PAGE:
Yesterday I went to the doctor. It was nothing serious, just a check up. I walked in, the nurse had me step on the scale, checked by height, took me back to the examination room, took my temperature, my pulse, and my blood pressure. It was a check.
This past Sunday we confessed a part of the Small Catechism that deals with checking ourselves:
What should a person do if he or she does not feel a need for forgiveness?
To such a person no better advice can be given than this: first, he should touch his body to see if he still has flesh and blood. Then he should believe what the Scriptures say of it in Galatians 5 and Romans 7. Second, he should look around to see whether he is still in the world, and remember that there will be no lack of sin and trouble, as the Scriptures say in John 15 and 16 and in First John 2 and 5.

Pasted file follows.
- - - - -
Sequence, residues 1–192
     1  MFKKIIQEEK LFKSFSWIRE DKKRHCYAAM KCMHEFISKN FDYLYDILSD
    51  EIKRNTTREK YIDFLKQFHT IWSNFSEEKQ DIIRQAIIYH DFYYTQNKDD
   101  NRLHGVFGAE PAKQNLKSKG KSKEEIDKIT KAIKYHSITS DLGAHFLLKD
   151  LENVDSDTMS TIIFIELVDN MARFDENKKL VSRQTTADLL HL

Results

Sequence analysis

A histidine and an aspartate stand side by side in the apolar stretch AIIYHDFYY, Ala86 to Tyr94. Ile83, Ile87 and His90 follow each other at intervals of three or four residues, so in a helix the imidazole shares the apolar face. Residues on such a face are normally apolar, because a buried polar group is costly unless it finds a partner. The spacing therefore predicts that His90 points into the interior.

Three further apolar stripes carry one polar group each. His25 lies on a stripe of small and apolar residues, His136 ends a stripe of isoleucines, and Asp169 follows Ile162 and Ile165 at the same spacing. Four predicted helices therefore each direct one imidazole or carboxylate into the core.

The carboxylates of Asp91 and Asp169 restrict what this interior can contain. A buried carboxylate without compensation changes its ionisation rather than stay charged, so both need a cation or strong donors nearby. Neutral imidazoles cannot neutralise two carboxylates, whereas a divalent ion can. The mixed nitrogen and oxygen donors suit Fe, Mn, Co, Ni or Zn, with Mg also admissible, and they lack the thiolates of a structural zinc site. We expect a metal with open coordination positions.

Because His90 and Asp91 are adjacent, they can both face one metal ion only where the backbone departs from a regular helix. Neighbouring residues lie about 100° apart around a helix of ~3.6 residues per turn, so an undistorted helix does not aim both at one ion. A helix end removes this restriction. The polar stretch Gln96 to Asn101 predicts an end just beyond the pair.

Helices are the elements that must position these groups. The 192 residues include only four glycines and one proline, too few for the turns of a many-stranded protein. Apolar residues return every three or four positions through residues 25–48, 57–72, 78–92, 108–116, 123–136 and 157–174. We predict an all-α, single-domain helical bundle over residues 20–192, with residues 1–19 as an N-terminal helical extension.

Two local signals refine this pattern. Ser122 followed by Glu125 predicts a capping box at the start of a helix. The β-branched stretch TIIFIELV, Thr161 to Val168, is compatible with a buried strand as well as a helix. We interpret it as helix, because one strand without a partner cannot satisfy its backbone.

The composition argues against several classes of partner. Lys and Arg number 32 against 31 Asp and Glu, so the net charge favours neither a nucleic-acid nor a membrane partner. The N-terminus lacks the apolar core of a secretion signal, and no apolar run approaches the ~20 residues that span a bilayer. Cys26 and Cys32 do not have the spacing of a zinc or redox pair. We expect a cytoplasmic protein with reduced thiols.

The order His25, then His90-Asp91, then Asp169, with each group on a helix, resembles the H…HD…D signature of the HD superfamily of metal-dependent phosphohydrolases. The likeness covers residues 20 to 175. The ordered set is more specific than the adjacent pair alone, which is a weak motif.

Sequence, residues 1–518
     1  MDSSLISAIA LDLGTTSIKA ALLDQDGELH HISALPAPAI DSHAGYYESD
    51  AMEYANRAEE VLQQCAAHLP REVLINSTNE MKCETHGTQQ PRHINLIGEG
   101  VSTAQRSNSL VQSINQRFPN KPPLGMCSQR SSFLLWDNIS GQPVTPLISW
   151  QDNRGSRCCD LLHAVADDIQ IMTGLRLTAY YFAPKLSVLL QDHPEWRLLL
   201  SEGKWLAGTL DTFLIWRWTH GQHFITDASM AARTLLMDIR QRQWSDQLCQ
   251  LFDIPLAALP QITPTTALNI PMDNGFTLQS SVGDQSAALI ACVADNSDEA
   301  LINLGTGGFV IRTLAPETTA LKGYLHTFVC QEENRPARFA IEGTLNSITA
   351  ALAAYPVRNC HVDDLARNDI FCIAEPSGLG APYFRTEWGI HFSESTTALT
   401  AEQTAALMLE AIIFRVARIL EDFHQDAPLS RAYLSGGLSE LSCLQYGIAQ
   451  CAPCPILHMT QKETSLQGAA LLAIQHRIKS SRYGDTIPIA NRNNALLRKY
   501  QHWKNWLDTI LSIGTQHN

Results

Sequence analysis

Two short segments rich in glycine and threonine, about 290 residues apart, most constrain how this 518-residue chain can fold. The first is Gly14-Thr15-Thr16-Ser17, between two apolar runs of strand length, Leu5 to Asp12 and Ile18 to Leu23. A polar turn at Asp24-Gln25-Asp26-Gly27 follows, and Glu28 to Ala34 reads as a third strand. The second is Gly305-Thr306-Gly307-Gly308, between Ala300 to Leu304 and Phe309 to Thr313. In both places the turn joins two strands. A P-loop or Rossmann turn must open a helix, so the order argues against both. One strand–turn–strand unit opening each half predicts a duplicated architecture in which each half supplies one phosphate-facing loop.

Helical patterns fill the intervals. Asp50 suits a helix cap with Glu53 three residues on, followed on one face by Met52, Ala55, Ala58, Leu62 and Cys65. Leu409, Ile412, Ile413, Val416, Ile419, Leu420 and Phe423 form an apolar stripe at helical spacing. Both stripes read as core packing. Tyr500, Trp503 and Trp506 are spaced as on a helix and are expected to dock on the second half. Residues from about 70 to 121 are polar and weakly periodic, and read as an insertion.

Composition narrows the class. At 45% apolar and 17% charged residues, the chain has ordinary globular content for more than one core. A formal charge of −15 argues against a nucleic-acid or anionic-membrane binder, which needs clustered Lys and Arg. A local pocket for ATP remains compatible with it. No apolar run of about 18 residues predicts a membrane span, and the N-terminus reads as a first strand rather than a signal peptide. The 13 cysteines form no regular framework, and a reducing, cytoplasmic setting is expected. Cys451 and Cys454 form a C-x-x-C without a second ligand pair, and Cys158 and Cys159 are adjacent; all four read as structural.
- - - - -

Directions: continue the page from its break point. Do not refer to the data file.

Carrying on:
I’ve always appreciated this “vital sign” check from Luther (or I suppose you could say it’s a check of the opposite of vitality). If you don’t feel like you need forgiveness, check to see if you have a body. Have a body? Check. You have sin. That’s the effect of original sin. We’re all born with a mutation, the mutation of original sin, it’s going to be there. Likewise, everyone else is born with this mutation as long as we’re still in the world. It’s like checking our pulse. Paul tells us that all have sinned and fall short of the glory of God.
But here is the crazy thing. One day when Christ returns in the Resurrection, we won’t have sin anymore. It’ll be like waking up without a pulse, without a temperature, without blood pressure (although I’ll argue that we will probably have those things in perfection). Waking up one day without sin is going to be crazy. On that day, we can follow Luther’s advice and feel our bodies and not feel a need for forgiveness. On that day, we will look around and not see sin and trouble, but see righteousness and peace.
I’m looking forward to that check up.